Internationalisation of Higher Education Institutions in Mozambique
Exploring the Rationales, Strategies and Challenges
University curriculums have undergone major reform with international content, branch campuses have been established, cross-border collaborations have been formed and programmes for international students have been launched.
How have Mozambican universities undertaken internationalisation in terms of understanding, rationales, strategies, and challenges?
How are global ideas of internationalisation interpreted and translated into local practices?
Globalizing the university and homogenizing its processes
Among the findings of the study concerning understandings of internationalisation, placing the university in a global context and homogenizing university processes and procedures were significant elements. Internationalization was seen as the process of integrating international, intercultural knowledge and practices.
The study reveals that universities have embarked on internationalisation by developing partnerships with international entities; promoting the inward and outward mobility of students, faculty, and administration; and strengthening collaboration with international scholars. Furthermore, the study revealed some difficulties universities faced during internationalisation, specifically language barriers, brain drain, loss of autonomy, and cultural alienation.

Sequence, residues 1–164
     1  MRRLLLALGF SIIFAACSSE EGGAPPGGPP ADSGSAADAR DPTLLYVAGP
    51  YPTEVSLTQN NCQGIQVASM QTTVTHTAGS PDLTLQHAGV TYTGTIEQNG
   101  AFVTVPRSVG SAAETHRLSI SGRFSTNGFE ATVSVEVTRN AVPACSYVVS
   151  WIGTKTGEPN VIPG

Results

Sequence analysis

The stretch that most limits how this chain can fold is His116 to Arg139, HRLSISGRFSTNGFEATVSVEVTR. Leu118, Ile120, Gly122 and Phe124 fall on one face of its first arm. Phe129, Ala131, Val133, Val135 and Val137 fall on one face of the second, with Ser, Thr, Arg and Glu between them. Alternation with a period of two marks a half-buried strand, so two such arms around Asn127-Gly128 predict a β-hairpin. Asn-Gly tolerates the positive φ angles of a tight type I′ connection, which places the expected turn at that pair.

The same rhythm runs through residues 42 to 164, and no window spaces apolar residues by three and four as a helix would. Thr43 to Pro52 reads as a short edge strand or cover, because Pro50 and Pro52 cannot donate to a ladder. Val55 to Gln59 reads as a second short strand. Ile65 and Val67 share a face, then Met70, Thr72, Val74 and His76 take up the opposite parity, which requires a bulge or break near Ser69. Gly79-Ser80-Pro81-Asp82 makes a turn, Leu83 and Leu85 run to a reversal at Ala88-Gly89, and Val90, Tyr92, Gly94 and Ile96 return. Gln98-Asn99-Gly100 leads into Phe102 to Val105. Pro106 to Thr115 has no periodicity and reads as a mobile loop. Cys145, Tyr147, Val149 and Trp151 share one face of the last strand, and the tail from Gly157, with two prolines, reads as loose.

Visibility, status, and global recognition are clearly shaping the practices
Scholars argue, however, that internationalisation should not be purely focused on recognition. While these values can be seen as a necessary evil to prevent the occurrence of parochialism in scholarship and research, their general adoption may also be viewed as a new incarnation of university colonialism. Observations in the findings suggest that global ideas of internationalisation can be deliberately decolonised. Essentially, global ideas can be translated, edited, and transformed into local practices that strengthen the autonomy of the local institutions and contribute to the sustainability of the local context.
To provide a more comprehensive understanding of how IoHE is being implemented and translated, more empirical research across other formerly colonised African countries would be welcome.
Read the whole article on ResearchGate and download here: Internationalisation of Higher Education Institutions in Mozambique: Exploring the Rationales, Strategies and Challenges